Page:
Chimera Eclectus parrot

By Sally Blanchard

 A chimera is an animal with characteristics of both genders or different DNA (or in mythology, one that has the characteristics of different species such as a fire-breathing combination of snake, lion, and goat.)  With most species (including humans) it is difficult to visually identify a chimera. Some chimeras could also be called hermaphrodites in that the single animal has characteristics of both genders. However, since the genders of most parrots are monomorphic (meaning the male and female are usually similar) chimeras in most parrots may remain unknown. However because Eclectus are sexually dimorphic (the male and female have obvious differences in their external characteristics) an Eclectus chimera, although very rare, is obvious. The Eclectus shown has female characteristics on one half and male characteristics of the other.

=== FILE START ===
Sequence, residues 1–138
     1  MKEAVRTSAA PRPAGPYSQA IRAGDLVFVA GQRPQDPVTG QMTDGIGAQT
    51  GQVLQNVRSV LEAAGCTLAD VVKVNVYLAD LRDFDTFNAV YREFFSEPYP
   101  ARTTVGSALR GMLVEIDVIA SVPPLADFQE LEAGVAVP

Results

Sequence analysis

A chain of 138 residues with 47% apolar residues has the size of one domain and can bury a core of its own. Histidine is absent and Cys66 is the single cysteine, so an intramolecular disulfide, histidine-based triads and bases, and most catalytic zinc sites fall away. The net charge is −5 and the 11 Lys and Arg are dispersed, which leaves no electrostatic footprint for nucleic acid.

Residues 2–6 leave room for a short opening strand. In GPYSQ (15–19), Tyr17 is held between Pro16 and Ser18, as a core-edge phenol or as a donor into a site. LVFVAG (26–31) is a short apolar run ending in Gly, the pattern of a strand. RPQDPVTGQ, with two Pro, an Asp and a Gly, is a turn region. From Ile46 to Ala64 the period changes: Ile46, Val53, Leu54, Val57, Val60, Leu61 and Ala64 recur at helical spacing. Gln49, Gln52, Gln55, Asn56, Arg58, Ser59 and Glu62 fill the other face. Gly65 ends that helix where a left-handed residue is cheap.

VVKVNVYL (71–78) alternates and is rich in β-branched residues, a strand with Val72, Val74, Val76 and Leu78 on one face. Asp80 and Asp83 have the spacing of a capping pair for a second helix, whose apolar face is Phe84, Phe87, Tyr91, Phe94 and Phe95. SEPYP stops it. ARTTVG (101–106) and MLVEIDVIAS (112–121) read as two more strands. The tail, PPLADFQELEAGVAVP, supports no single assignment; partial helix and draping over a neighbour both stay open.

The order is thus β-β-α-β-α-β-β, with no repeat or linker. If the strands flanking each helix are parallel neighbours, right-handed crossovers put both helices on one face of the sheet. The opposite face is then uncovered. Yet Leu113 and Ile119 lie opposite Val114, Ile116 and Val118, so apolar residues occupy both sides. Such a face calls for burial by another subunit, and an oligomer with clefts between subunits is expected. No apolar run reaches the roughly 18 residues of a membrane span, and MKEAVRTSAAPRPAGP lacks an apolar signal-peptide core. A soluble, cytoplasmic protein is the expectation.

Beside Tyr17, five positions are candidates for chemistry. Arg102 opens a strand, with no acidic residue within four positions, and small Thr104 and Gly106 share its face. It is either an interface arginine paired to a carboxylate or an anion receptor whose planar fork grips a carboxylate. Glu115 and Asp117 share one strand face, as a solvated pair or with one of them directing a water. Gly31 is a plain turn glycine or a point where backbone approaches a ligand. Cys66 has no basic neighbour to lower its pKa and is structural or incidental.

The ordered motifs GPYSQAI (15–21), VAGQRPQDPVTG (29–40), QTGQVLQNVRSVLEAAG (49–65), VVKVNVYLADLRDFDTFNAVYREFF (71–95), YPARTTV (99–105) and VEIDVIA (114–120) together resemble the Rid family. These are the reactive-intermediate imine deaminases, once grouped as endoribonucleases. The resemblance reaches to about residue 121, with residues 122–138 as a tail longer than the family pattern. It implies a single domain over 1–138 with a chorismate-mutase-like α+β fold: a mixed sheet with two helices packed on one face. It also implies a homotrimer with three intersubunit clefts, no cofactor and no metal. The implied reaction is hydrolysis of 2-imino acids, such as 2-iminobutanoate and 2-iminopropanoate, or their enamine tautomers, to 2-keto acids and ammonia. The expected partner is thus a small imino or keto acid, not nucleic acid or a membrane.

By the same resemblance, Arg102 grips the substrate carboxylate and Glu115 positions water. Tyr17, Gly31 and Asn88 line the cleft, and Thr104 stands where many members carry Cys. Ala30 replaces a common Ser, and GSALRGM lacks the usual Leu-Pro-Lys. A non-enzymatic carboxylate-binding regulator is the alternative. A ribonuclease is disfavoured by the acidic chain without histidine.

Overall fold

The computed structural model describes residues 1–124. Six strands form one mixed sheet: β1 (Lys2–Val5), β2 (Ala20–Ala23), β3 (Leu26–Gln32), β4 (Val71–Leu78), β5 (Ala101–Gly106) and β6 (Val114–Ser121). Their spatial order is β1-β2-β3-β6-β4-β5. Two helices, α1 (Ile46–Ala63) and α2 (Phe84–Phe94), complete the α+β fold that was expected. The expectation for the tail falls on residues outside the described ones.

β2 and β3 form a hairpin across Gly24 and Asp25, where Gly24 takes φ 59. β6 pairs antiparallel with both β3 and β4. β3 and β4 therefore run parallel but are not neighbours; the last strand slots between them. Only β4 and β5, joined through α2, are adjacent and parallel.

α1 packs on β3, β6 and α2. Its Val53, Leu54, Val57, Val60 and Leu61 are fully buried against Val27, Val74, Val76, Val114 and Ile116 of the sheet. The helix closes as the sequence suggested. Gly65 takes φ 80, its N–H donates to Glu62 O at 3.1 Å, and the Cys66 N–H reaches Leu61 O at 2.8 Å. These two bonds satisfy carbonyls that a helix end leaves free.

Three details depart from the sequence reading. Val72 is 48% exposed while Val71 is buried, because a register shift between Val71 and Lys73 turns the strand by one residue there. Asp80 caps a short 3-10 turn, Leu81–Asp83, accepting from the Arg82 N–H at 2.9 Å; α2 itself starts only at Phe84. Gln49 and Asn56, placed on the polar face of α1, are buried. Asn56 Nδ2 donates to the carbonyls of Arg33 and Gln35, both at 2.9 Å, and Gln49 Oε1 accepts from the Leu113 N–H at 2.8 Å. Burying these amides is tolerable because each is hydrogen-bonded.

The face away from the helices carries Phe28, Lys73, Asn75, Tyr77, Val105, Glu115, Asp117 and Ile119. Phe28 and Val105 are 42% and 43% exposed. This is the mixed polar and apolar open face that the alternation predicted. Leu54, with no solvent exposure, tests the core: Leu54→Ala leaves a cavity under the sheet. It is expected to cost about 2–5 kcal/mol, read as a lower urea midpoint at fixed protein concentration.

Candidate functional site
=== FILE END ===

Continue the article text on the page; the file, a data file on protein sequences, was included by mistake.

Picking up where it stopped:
Several years ago I had access to the U.C. Berkeley Library. I found a lot of intriguing and interesting information about both parrots and wild birds. There were some periodicals from the late 1800s and the early 1900s. I found an issue of an Avicultural Magazine from that time that had a short article about the "first American breeding" of the African grey. It was one really weird article and described a man named Gilbert Lee who had purchased African greys from a shipment from Africa in 1903. He put 17 greys into a dark barn loft. There only food and liquid source was a once a week sheep's head that he threw in without any contact with the birds. Three years after adding the greys to the barn, he opened it up and found that there were 54 greys and 11 skeletons. So there were 48 birds born in that barn in 3 years. This was part one of the article and I have never found the issue with Part II so I can't report any further on this absurd story of breeding success.




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